But no man should look that good with a sucker.
“How do you look so human?” I blurted out.
A small smile played across his lips. “Our DNA melded with human DNA.
Same thing for the Luxen.
I could go into detail, but it will probably bore you to tears. We may look human and even act it at times, but don’t ever forget that we are not human.”
My heart turned over heavily. “Are you trying to scare me?”
Hunter arched a brow.
“I’m just telling you the truth.” Biting down on the sucker, he held the now empty white stick. “It’s probably a wise thing that you’re scared. Would you like another drink?”
I nodded, relieved when he got up to retrieve the wine bottle. Without him beside me, the air felt less tense and thick. I wished he’d put a shirt on. “How did I even get here?”
Hunter placed the refilled glass in front of me, and I grabbed it like a wino.
“You’ll be happy to know it was a very human method of traveling. Drove your car to a private hangar and placed you on a plane.”
I took a healthy drink.
“My car is still at the hangar?” The thing wasn’t a luxury vehicle, but I couldn’t afford a new one.
“Yes. It will not be touched there.”
I relaxed a little. “Will you tell me about what you are?”
“Already did that.”
Hunter tossed the white stick from his sucker into the trash, then propped a hip against the island.
My gaze dropped to the glass between my palms as I smiled a little. “You’ve hardly told me anything about that.”
“I think the less you know the better.”
Something in his voice caused ice to drench my veins. As I took another drink of the wine, my throat tightened.
The pressure spread to my chest.
A new threat appeared. “I can’t be the first person to accidentally find out about aliens. Not even Mel.”
“Nope.” He took a drink.
“Humans probably find out all the time. Either they are very smart and keep quiet or…”
“Or what?” I whispered.
Hunter’s pale eyes pierced me.
“Or they disappear.”
“Is that what’s happened to me? I’ve disappeared?”
Again, what he said wasn’t the most reassuring thing. So many emotions beat at me like a violent riptide threatening to drag me under.
I stopped myself from going for more wine.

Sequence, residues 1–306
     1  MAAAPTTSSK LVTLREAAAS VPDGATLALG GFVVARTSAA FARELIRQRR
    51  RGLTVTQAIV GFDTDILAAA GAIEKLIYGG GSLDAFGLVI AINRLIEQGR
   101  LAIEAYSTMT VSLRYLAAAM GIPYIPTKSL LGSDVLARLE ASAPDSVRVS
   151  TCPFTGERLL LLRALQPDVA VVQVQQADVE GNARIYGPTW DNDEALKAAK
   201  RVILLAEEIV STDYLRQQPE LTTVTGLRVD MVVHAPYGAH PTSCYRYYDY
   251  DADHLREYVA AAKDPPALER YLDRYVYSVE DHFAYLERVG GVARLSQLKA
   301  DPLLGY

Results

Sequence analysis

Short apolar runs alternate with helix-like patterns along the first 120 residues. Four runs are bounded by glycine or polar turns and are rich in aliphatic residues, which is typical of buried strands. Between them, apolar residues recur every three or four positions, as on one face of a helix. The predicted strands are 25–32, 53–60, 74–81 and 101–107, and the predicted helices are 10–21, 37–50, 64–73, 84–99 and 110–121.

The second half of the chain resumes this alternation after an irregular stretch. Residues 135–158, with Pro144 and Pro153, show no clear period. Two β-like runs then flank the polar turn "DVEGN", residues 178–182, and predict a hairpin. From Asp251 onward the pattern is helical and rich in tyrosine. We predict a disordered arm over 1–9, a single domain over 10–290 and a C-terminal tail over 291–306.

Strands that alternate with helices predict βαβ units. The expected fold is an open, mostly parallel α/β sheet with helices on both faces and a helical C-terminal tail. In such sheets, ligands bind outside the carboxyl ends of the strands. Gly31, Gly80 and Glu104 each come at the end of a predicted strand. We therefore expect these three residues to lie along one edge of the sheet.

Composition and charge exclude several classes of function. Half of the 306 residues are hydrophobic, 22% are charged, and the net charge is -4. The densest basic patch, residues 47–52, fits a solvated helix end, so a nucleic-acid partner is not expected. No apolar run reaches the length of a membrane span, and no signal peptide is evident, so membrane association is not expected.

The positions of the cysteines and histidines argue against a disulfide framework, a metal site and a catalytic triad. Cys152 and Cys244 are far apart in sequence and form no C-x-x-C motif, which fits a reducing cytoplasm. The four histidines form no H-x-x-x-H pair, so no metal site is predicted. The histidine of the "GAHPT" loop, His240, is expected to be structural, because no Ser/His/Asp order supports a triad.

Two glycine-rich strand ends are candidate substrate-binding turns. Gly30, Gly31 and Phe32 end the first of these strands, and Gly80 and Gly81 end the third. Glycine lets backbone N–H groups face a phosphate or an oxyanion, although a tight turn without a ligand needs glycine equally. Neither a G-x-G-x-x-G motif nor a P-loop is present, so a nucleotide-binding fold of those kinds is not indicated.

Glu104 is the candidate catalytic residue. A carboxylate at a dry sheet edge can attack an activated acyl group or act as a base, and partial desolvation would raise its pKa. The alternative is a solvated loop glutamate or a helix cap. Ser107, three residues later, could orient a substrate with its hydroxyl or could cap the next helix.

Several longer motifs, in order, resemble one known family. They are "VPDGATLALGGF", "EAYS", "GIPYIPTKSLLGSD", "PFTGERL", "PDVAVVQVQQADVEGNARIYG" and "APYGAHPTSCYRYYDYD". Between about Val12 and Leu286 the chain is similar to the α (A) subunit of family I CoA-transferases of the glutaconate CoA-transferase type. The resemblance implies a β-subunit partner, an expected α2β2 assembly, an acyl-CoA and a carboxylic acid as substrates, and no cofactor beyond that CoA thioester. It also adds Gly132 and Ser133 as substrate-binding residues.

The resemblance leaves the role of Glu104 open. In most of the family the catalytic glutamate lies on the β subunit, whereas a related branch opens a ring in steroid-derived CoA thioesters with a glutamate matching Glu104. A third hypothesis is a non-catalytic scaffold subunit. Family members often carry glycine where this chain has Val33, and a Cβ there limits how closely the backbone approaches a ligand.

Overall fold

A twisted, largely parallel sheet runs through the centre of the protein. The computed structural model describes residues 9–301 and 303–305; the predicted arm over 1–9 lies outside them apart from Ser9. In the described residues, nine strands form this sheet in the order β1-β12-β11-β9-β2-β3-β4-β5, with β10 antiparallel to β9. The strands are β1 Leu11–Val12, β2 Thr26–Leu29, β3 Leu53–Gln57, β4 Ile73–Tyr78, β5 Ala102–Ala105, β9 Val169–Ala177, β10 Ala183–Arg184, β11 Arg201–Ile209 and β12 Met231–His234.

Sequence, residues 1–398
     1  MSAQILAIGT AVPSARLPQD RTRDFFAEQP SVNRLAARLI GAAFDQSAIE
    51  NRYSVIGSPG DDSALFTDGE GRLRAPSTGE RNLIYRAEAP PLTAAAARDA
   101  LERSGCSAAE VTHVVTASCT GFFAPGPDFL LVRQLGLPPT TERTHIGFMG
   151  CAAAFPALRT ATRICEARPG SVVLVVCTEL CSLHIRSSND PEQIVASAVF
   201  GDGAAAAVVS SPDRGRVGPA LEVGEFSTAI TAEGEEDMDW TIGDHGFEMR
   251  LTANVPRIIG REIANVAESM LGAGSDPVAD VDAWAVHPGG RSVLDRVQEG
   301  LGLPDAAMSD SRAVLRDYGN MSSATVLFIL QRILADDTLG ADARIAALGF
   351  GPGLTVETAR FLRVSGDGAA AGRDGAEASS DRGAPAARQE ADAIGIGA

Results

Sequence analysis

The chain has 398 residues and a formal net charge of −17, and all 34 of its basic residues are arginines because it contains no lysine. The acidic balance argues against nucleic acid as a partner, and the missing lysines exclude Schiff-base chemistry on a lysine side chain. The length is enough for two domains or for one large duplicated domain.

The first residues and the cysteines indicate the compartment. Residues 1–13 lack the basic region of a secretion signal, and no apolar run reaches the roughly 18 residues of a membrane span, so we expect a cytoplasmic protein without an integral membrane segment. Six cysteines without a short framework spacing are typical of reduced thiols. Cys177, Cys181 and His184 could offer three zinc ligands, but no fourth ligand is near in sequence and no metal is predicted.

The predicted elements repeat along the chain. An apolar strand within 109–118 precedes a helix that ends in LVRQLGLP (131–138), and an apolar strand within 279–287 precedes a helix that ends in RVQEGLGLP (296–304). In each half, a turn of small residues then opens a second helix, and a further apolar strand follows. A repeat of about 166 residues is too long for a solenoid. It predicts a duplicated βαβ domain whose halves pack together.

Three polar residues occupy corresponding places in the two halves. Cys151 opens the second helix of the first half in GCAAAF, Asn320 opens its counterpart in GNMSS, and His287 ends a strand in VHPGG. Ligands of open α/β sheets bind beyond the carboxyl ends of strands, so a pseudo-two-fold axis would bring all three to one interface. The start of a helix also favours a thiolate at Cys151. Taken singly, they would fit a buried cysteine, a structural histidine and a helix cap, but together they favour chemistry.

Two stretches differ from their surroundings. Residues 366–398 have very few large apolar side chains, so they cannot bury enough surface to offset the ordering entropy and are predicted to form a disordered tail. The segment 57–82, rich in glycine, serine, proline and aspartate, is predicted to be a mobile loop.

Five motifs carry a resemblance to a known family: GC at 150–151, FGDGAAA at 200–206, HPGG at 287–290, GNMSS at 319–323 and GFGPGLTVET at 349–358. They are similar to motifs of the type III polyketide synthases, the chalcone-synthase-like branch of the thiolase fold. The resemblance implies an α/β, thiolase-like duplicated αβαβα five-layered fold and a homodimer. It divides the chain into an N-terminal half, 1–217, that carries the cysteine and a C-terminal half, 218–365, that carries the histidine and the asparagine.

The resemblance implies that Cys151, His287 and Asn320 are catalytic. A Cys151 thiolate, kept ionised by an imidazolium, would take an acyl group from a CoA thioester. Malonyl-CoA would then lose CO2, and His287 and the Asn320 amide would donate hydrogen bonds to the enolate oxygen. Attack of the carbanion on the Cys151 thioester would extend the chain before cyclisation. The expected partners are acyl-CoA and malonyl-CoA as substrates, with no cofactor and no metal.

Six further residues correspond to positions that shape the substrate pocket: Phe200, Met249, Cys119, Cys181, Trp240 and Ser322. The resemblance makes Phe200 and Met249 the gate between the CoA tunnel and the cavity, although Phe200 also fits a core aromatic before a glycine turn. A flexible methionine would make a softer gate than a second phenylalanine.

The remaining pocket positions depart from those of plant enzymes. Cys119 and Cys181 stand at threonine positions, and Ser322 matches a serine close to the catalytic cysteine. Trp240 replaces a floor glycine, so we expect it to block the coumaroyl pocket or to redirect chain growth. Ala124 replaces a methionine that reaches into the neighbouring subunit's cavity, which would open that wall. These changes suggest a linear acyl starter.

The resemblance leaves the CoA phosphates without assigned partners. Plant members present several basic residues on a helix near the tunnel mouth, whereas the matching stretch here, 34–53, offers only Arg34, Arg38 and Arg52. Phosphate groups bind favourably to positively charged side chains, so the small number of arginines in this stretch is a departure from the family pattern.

“What is that supposed to mean?”
He regarded me coolly.
“You really want to know?”
I shot him a look. “Yes. I really want to know. I want to know everything.”
“The DOD may say one thing, but I know differently. The only reason you’re alive right now is because the Luxen stepped around the DOD and went after your friend.
Wherever there’s exposure, they are required to report it. They didn’t. That ticked the DOD off, and then when they issued a kill order on you, the DOD stepped in just to prove a point. And they want to know what the boys were fighting over.”
I wished he’d stop saying “kill order.” “I don’t know what they were fighting over.”
“You don’t?” He didn’t sound like he believed me.
“No.” I tugged a hand through my hair. “What are you really saying?”
“I think you know.” There was a pause. “The DOD’s protection of you is their way of giving the middle finger to the Luxen—and being nosy. It’s like a parent taking away a toy from an ill-behaving child.
It’s not because they want to protect you. They are just proving a point. But if you prove to be too much of a risk, they will turn on you faster than you could blink.”
A few moments passed as I watched the heavy branches swaying in the breeze outside. I worked at getting that plug of emotion down my throat.
My life wasn’t in my hands anymore, wasn’t even guaranteed. How was I not a risk? I knew about aliens.
I’d seen them. I couldn’t wrap my head around this.
I understood it and I was even processing it, but the full scale of what all of this meant was numbing.
And I knew deep down that there was a good chance I wasn’t going to walk away from this with my life. An alien race wanted me dead, an alien who was admittedly dangerous was protecting me, and the DOD could change their mind at any time and take me out. I was just expected to sit here and wait for someone or something to kill me.
I couldn’t do that.
It was more than just my life. It was about Mel, too.
She was murdered and no one— NO ONE —would be held accountable, especially if I was silenced.
Mel deserved justice.
He leaned against the island, his presence crowding as his eyes searched mine. “You’ve really stepped into some shit, haven’t you?”
Hearing it put like that, I had to laugh, because if I didn’t, I’d cry and probably never stop crying. “Yeah, I think I stepped in it and then rolled around in it.”
His lips twitched.
Our gazes met and held for a moment. Unnerved, I glanced away, pressing my lips together. I couldn’t stay here.
“What about my job?” I said, hopeful. “I can’t—”
“The DOD have taken care of that. Due to an emergency, you have been given extended leave,” he replied.
I didn’t hear Hunter move closer, but there he was, so close we were sharing the same oxygen.
His fingers under my chin again, tilting my head toward his. Our mouths separated by scant inches.
My stomach hollowed and a hot and uncomfortable feeling spread through me like an out-of-control wildfire. Heaviness settled in my breasts and then spread much, much lower.
Hunter’s nostrils flared.
Even with all the crazy stuff happening recently, beneath the sorrow and the anger, I was still a red- blooded, twenty- three-year-old woman sitting in front of a man, who may not be a hundred-percent human but had to have caused a panty-dropping crisis across the universe.